Running Away From Home Does Not Burn Calories
When I was twenty-three years-old, I moved to Prague, Czechoslovakia. I could say it was to meet my extended family who, until a few short years before I bought my one-way ticket, had been trapped behind the Iron Curtain – and that would be true. I could say it was because I loved adventure and Prague was the place to be at the time and that would also be true. I could say it was to get a greater understanding of my own family, but I’d be giving myself way too much credit.
Mostly, I moved to Prague to get away from my family.
I wanted to escape a loving, but distant relationship with my mother, and a close, but blood-sucking relationship with my grandmother. And let’s not stop there. I wanted to get away from the rest of them, too: my biological father, my adoptive father, my brother, and even my aunt way down in Florida – already a good 3000 miles away from my home in Chicago.
Even that wasn’t enough.
It’s not that I wanted to erase them from my life – in fact, most of my family, including my mother and grandmother, visited me while I was in Europe and I was happy to see them.
A friend of mine suggested that perhaps part of me thought I could avoid a certain strain of bad luck that seemed to follow my family like that piece of grungy toilet paper that sticks to your shoe after a visit to a public restroom.
But in truth, I ran from their love.
It was crushing, complicated, and carried with it a dark cloud.
So, with a twisted logic – the kind of logic that only makes sense if you grew up in a Slavic family – I left my Czech family for Czechoslovakia. It was the place they’d run from, the seat of our misfortune and, I believed, my only salvation.
Czechoslovakia had risen anew, elected a playwright President, and was struggling to be what it might have been had the Germans never come and the Russians never stayed. That seemed like an apt metaphor for me.
My time in the old country was spent first as a tourist and later as a resident alien. I explored crumbling castles, worked in a Czech company, saw a full double rainbow on my father’s farm, crouched inside the dungeon of Countess Elizabeth Bathori – known as Countess Dracula because of her penchant for drinking the blood of virgin peasant girls (they claimed to be virgins anyway). I drank dark, caramel beer in a seven hundred year-old pub, observed midnight mass with a whisky flask in one hand and a vigil candle in the other, and on Christmas, ate carp soup made from a fish that had been swimming in my great-aunts bathtub that very morning.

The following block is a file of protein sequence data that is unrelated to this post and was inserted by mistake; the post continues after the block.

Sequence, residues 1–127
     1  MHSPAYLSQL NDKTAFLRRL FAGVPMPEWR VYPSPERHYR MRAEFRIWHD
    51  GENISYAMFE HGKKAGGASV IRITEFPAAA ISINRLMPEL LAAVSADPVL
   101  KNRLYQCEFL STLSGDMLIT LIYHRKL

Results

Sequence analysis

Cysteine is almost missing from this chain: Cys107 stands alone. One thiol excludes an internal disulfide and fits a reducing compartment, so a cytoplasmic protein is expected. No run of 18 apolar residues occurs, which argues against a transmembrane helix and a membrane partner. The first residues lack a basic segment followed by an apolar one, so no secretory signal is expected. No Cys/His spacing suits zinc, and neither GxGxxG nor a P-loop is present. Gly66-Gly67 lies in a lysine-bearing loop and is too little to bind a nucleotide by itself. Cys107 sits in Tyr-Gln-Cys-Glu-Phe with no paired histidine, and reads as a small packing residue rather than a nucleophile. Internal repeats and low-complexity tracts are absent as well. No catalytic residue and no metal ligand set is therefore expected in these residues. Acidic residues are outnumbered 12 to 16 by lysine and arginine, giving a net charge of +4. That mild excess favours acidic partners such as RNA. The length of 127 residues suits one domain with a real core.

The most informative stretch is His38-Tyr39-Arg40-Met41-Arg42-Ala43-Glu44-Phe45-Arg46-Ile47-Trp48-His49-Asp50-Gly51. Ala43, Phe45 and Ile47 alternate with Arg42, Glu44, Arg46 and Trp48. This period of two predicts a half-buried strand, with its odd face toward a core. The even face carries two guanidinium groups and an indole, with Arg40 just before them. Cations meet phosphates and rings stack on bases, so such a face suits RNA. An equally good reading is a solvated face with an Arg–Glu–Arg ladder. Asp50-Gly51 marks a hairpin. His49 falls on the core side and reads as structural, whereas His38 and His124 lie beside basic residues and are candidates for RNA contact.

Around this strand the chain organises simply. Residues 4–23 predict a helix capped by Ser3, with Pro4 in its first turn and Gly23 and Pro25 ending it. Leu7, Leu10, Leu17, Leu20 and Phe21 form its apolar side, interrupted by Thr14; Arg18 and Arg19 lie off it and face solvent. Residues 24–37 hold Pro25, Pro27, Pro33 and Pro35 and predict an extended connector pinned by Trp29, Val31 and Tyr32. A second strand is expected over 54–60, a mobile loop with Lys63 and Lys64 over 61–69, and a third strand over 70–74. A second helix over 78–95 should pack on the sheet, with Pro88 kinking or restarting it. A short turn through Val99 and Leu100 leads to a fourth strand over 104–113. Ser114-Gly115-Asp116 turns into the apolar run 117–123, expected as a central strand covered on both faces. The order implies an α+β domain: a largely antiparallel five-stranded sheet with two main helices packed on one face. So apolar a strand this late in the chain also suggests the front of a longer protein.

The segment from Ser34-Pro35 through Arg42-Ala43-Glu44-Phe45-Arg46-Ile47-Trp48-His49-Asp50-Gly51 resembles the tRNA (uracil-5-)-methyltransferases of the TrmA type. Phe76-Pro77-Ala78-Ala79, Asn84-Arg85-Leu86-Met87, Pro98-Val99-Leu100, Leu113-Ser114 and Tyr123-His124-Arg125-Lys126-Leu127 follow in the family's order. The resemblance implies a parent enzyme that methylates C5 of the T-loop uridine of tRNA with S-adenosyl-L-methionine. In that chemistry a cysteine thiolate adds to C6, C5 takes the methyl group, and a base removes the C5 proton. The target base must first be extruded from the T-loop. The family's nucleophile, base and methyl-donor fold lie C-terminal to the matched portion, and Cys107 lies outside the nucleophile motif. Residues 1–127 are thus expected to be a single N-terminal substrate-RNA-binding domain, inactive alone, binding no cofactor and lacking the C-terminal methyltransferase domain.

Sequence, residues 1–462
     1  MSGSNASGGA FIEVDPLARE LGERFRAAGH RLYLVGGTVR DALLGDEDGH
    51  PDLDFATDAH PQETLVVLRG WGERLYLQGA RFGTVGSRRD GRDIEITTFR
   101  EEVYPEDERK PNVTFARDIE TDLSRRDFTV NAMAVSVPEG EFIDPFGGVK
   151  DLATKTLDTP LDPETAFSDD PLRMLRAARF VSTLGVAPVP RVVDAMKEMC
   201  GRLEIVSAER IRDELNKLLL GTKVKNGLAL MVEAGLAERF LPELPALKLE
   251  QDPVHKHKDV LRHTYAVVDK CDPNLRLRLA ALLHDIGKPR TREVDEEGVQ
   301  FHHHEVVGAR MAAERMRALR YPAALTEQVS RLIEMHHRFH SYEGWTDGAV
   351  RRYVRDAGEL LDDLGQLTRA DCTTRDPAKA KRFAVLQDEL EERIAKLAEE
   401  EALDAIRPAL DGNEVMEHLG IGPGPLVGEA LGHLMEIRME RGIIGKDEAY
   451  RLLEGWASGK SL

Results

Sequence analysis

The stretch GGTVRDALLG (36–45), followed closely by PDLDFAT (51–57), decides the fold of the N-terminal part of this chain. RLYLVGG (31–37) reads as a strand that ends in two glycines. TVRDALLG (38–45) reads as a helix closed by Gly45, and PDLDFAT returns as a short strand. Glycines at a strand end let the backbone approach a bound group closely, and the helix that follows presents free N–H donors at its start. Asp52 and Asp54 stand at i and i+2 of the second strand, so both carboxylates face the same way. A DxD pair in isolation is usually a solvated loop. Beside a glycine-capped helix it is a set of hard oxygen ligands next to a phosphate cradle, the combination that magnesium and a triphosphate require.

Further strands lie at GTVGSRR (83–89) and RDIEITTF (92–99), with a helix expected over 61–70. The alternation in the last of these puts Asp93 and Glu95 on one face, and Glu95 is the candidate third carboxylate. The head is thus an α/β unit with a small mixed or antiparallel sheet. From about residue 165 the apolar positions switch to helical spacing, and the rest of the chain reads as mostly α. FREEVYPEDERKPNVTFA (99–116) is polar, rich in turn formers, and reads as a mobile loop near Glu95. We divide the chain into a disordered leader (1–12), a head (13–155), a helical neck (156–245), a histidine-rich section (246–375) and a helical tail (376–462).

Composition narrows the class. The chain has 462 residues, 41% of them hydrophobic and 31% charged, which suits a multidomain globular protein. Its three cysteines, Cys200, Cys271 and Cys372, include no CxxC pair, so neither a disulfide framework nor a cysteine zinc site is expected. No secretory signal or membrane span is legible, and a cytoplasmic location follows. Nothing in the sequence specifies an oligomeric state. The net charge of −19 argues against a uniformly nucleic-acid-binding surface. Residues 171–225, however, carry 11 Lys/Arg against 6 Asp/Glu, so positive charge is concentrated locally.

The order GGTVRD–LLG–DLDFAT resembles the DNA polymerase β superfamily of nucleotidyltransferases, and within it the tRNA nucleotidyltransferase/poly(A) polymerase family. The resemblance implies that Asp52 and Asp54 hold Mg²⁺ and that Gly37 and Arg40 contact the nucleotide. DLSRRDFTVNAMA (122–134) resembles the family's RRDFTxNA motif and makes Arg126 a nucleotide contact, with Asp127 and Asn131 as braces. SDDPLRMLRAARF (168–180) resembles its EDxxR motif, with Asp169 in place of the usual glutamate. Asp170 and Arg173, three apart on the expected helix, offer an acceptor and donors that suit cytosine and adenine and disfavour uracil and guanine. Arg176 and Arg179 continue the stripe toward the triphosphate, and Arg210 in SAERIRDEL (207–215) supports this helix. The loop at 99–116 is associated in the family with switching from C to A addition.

Prague was and remains the place from where all of the good fortune in my adult life has come. I met my husband there, had my eyes opened to the world, and began my writing career. It was nothing short of magic.
Prague also grew me up and sent me humbly back into the folds of those who loved me – even if they didn’t always like or understand me. Even if their affections could be painful at times – even toxic. Three generations of damaged people living together and crossing each other’s boundaries on a regular basis is nothing to romanticize, after all. I knew what I was getting back into.
But I couldn’t, after walking to work on Political Prisoner Street, not think of my mother and her time spent under an unforgiving interrogation light. I could hardly visit my great-aunt, who had taken me in when I first arrived and who I had grown to love dearly, without seeing my grandfather’s melancholy blue eyes in hers.
When push came to shove, by running away, I had come closer to my family than I ever imagined possible.
And when I returned home, some three years and change later, I was ready to curl up in their laps, take a drag of their cigarettes, and let them in to my life in a way I had never done. I had also, happily, regained my sense of humor – the one I seemed to lose when I went away to college and became outraged about all the injustice in the world.
(Girl pictured not me. Although there is a strong resemblance)